$7, 6m Health Development Fund for essential medicines and equipment


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The Ministry of Health and Child Care has released US$ 7.6 million to the Health Development Fund (HDF) for the purchase of essential medicines and equipment for government health institutions countrywide.

The channeling of the funding by the Government of Zimbabwe through the Health Development Fund attests to the trust and benefit the government has derived through the HDF. The Health Development Fund, is a multi-donor pooled funding mechanism established to revitalize health services and reduce maternal and child mortality. Managed by UNICEF, the HDF has been the primary means through which donors have channeled their financial contributions to Zimbabwe’s health sector.

Key contributors have included the governments of the United Kingdom (US$ 68.4 million), Ireland (US$ 4 million), and Sweden (US$ 20 million). Other contributors include the European Union (US$62.7 million) and GAVI, the Global Vaccine Alliance (US$ 14.2 million).

The government’s contribution comes from the recently-introduced Health Fund Levy through which five per cent of the duty charged on airtime is ring-fenced to improve access to quality health care for all Zimbabweans.

“As Government of Zimbabwe we appreciate the continued support and contribution that development partners have made to the health sector through the HDF. They have asked us as Government to support this commitment by also investing appropriately into the health services provision,” says Permanent Secretary for Health and Child Care Brigadier General (Dr) Gerald Gwinji. “Here we take advantage of UNICEF’s procurement mechanism and economies of scale to utilise part of the Health Levy to purchase essential drugs and medicines.”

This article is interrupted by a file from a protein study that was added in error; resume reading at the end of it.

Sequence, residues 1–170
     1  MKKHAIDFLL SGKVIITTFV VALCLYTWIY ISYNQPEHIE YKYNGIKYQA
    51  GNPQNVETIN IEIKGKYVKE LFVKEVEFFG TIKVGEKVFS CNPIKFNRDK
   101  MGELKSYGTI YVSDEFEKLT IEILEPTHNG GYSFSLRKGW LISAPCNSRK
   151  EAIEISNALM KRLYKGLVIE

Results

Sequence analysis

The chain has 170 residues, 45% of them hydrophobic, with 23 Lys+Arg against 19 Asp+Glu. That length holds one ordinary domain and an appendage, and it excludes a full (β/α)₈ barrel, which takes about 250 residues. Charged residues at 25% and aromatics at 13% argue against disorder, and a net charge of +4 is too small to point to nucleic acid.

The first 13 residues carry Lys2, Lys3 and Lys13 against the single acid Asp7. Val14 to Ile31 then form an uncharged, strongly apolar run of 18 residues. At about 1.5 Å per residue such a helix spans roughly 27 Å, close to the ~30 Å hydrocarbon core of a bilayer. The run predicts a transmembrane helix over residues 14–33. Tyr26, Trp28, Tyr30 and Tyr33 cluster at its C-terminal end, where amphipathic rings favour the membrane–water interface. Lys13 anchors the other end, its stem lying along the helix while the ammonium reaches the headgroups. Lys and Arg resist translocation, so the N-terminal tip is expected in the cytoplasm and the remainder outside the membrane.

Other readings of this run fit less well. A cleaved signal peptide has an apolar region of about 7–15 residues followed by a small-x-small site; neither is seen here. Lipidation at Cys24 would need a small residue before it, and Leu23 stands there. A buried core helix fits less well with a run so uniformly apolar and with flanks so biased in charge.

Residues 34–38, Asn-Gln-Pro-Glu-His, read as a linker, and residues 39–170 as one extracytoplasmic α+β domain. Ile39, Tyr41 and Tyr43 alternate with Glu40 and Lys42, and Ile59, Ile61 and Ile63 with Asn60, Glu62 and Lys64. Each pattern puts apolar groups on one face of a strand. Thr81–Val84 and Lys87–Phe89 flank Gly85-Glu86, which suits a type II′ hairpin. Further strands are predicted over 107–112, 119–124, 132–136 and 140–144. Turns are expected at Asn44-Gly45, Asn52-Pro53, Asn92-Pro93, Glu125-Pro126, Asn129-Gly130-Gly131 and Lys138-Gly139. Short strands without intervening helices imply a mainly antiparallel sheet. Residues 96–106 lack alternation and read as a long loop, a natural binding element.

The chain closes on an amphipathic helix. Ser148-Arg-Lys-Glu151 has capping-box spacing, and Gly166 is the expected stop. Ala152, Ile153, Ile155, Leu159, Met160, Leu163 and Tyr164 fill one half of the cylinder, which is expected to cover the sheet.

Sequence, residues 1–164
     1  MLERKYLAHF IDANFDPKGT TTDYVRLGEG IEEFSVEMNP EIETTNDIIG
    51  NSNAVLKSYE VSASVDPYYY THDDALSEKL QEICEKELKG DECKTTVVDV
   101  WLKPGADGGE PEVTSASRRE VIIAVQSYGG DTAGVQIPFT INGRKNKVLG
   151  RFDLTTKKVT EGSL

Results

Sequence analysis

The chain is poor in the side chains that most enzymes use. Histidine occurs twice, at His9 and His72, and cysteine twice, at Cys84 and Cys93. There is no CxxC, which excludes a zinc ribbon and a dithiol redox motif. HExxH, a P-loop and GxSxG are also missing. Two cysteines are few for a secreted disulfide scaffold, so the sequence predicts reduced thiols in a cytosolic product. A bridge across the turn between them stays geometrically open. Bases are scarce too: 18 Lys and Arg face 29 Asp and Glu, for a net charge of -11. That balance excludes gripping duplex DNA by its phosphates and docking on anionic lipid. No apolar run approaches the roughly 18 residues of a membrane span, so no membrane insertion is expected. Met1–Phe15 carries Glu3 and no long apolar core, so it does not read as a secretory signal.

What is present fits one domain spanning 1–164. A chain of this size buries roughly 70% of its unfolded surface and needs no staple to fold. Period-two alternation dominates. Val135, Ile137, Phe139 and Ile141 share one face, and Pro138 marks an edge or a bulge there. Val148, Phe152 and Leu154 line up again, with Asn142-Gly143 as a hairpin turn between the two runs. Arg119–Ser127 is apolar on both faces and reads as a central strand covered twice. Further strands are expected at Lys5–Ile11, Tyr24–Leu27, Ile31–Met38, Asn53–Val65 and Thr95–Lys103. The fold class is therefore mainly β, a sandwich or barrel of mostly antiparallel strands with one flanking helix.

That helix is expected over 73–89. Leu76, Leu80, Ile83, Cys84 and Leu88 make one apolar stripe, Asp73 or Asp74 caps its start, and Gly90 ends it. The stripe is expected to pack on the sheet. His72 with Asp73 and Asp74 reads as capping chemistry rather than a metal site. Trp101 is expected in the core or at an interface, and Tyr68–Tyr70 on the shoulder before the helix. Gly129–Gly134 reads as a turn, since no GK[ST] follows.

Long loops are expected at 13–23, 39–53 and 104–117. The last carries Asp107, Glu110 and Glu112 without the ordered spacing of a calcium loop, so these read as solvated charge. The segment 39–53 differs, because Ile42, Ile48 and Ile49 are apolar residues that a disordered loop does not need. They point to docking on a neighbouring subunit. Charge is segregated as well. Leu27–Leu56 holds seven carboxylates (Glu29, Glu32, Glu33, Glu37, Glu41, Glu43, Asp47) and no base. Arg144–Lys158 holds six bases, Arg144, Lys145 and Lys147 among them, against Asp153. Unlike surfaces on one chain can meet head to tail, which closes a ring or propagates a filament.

The government’s contribution will be pooled with other donor funds and managed through UNICEF as the HDF manager. UNICEF will use its procurement systems to efficiently purchase the products while ensuring value-for-money and taking advantage of economies of scale. Distribution will be done through the National Pharmaceutical Company (NatPharm).

“We share the government’s commitment to providing every Zimbabwean, especially women and children, with access to the highest quality of health care possible,” says acting UNICEF Representative Dr. Jane Muita. “To this end, we will do everything possible to ensure that the medicines and equipment reach health facilities in the shortest possible time.”

In addition to this funding, the government has met its 2017 co-financing obligation of US$ 600,000 to GAVI to improve the availability of vaccines through 2018, a big shot in the arm for the Zimbabwe Expanded Programme on Immunisation which aims to drastically reduce vaccine preventable diseases such as pneumonia, diarrhoea and measles in under five children.